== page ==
Brown win has liberals seeing red, feeling blue
by Barbara Anderson


The Salem News
Saturday, February 6, 2010


The writer Rafael Sabatini once described a character as being "born with a gift of laughter and a sense that the world was mad." This quotation has become my personal mantra.

"Just keep repeating it, Barbara, and your head won't explode," I tell myself.

Scott Brown has just been sworn in as our U.S. senator and already he a.) is being urged to run for president in 2012, b.) has inspired a new action doll and c.) was being criticized across the political spectrum before he cast his first vote.

I enjoyed his ABC "This Week" interview with Barbara Walters last Sunday. Brown handled the mostly silly questions well. Best moment: When she said that he give a "yes or no" response, he responded with just one word as asked. Has any politician ever done that before?

The interview was followed by the usual roundtable, featuring George Will, Paul Krugman, Arianna Huffington and a surprise guest, Fox News president Roger Ailes. Krugman, the New York Times columnist still looking sick over the result of the Massachusetts election, suggested that we would all vote more intelligently if we'd just read the Times.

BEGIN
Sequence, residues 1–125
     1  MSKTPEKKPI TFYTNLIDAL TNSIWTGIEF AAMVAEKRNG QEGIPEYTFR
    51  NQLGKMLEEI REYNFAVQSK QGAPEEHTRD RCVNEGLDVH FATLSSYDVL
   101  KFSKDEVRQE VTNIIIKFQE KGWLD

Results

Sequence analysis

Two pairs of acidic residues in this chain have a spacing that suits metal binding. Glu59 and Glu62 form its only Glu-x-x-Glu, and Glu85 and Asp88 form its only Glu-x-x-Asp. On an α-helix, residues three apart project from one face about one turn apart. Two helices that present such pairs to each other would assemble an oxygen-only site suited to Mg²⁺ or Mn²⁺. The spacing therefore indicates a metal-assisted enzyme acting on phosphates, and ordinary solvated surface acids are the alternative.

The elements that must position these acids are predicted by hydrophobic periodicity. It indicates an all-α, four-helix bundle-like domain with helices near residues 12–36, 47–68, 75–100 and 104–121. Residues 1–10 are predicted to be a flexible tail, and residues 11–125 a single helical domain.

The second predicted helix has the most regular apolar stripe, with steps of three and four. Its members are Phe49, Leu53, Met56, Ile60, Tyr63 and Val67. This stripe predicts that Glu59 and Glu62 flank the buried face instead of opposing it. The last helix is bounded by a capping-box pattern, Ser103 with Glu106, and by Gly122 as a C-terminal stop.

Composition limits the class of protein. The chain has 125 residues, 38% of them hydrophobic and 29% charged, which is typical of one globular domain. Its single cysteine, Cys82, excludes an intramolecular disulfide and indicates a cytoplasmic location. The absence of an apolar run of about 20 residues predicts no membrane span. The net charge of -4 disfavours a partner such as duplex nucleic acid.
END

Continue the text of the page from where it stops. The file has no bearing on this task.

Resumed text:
Let's watch TV instead. Arianna had apparently been longing for a chance to publicly chide Ailes for keeping Glenn Beck on the air: "Aren't you concerned about the language he is using, inciting the American people?"

Ailes was ready for her, noting that in the Huffington blog, "You wrote that I have a face like a fist, that I was essentially a malignant tumor."

Game, set, match to Fox, again.

I'm not a big Glenn Beck fan, but liberals have been accusing my political friends of being ignorant racists, fascists, haters and greedy capitalists for decades, so if Beck gets in a few licks in their direction, good for him.

Some of us rightists sometimes misuse the word "socialist," but "socialist vs. fascist" can be debated using a dictionary. Leftists throw out vague charges at anyone who questions their right to rule.

The most childish insult this year is to call someone a "teabagger," referring to Americans who have joined the broad, anti-establishment Tea Party movement. I've been told that the word is obscene, but I don't know why and don't want to know. There's the political arena, and then there's the fourth-grade playground. Grow up, liberals.

When I started in political activism, the favored liberal insult word was "Birchers." The John Birch Society supported traditional conservative causes, but its founder, Robert Welch, went too far when he accused Dwight D. Eisenhower of being a communist agent. Liberals pounced on this as a weapon to use against more rational conservatives.

The great conservative/libertarian senator, Barry Goldwater, was called a Bircher when he ran for president in 1964, even though he had no connection with the group.